Excellent. And this bit, about the myth of private enterprises being more efficient than public ones, and that energy PPPs don’t result in increase in efficiencies.:

      Professor Hall sent me a paper entitled “Public Private Partnerships in the EU – a critical appraisal” where he looked at the performance of PPP’s in the EU. He investigated whether PPP’s “provide a way of financing or running private services which is better for the public and the services”. Professor Hall concluded that the private sector can’t borrow money more cheaply than the government and in fact the opposite is true.

      Furthermore he states that “the empirical evidence shows that the private sector is not more efficient than the public sector”. Professor Hall says that any PPP always starts with a handicap of a higher cost of capital which can only be offset by lower operating costs ie greater efficiency.

      Professor Hall also referred me to an analysis of UK privatisations entitled “The Great Divestiture” by an academic from the Massachusetts Institute of Technology which meticulously examines all the companies privatised by the Thatcher Government and finds no evidence whatsoever of efficiency gains but clear evidence of regressive redistribution.

      Professor Hall said that “many other comparative studies echo this finding and these findings are especially relevant for capital intensive services like electricity”. Hmmmm – not quite what we are being told is it. Recall also that a study by our own New Zealand Treasury found that there was “little evidence of systemic underperformance” in our SOE’s.

    • mike 6.2

      Excellent article. Concise, damning, and evidence based. NAct defenders conspicuously absent from the comments.

      “Let’s have a look of some of the conclusions reached by Professor Florio in “The Great Divestiture”. One of the most striking conclusions is that the privatisations in the UK resulted in “clear evidence of regressive redistribution”. This means taking money from the poorer sections of society and giving it to the wealthy.

      This conclusion particularly resonates at present given the recent revelations about the systemic bad behaviour in the banking sector globally and the fact that wages in the finance sector have grown much faster than wages in the broader economy.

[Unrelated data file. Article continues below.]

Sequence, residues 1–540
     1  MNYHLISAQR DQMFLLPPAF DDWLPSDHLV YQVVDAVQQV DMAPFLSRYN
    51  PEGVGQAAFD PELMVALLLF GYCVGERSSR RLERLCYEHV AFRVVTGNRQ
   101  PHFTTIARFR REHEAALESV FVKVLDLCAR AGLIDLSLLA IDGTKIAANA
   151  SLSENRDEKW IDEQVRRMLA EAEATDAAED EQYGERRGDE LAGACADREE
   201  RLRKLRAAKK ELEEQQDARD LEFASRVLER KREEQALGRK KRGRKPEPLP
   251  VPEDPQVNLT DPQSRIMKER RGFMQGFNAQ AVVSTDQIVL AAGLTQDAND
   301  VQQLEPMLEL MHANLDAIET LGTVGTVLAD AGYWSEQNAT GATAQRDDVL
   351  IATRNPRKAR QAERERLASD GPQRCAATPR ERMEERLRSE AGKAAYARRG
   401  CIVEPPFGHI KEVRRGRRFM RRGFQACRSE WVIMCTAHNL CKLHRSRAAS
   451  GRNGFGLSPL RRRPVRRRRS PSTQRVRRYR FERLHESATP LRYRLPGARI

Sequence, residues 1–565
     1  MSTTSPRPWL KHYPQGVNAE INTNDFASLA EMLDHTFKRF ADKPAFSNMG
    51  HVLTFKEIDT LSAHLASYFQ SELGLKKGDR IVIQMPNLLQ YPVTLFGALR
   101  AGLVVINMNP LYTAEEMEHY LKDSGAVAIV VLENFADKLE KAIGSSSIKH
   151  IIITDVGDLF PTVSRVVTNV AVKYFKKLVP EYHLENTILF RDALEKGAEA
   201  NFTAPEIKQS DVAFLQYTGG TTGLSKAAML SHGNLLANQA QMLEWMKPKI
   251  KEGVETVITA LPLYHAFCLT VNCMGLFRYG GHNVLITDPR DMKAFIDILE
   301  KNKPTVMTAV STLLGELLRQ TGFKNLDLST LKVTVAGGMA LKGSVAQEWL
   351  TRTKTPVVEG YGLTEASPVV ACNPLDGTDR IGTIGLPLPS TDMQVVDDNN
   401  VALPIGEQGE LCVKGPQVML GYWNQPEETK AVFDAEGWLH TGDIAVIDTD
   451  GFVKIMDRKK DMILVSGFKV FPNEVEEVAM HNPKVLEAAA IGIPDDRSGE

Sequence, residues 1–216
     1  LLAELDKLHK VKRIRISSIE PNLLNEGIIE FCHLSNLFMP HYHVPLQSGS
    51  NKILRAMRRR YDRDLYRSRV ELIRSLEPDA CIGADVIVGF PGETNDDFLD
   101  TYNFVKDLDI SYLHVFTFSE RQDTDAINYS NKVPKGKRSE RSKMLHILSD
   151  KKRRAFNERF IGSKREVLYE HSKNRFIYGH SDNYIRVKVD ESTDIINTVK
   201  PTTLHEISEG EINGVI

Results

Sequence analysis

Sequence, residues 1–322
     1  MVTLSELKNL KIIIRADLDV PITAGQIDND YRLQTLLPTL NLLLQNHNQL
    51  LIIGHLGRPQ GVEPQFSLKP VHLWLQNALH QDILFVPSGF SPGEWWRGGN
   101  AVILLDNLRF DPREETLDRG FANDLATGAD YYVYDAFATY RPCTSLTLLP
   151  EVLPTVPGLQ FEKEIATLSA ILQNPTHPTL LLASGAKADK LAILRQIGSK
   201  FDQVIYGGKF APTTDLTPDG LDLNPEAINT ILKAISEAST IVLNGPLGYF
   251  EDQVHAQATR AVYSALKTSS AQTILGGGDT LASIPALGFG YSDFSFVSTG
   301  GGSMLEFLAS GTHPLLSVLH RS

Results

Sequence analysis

The other important conclusions in Professor Florio’s book are that the assets sold were underpriced, there was a large rise in management salaries and most important of all privatisation made little difference to long term trends in productivity and prices. No wonder all the chief executives of the SOE’s to be sold are enthusiastic about the idea – they stand to benefit from high salaries and no doubt huge bonuses via employee share purchase plans.”

      (Emphasis mine.)

      As for the image in the ad, I agree with weka, they’ve hijacked the Green’s election imagery. What’s the message exactly? Think of the children? If you don’t buy the shares some nasty private company will get them cheap and the next generation will suffer? Oh no! But wait a minute, we could just not sell the assets.

    • DH 6.3

      That’s a good article by Sheather, I expect he’s been removed from a few invitation lists lately it’s quite unusual for someone with a vested interest to be so refreshingly honest.

      He’s right on the money. It’s just not good business and you have to ask why the party of business is doing what no astute business person would ever do. The only conclusion I can reach that makes sense to me is they’ve got their hands in the till.

  7. prism 7

    Is that one of the NACT’s kids reeling in the last trout in the country?

  8. Tracey 8

    Shouldn’t they have jobs, like paper runs and stuff rather than being lazy and sitting around all day????

  9. Draco T Bastard 9

    Bomber over on Tumeke reckons that NACT will still sell them as it’s his and NACTs main purpose for being in government and to keep on side of the main backers of NACT.

  10. Steve Wrathall 10

    “Could it be that the Nats’ consideration of the Tribunal’s findings is just a sham?”
    Hope so, as they have a mandate and I don’t recall voting for the waitangi tribunal to ru(i)n the country.

    • fnjckg 10.1

      (s)woteva

    • Draco T Bastard 10.2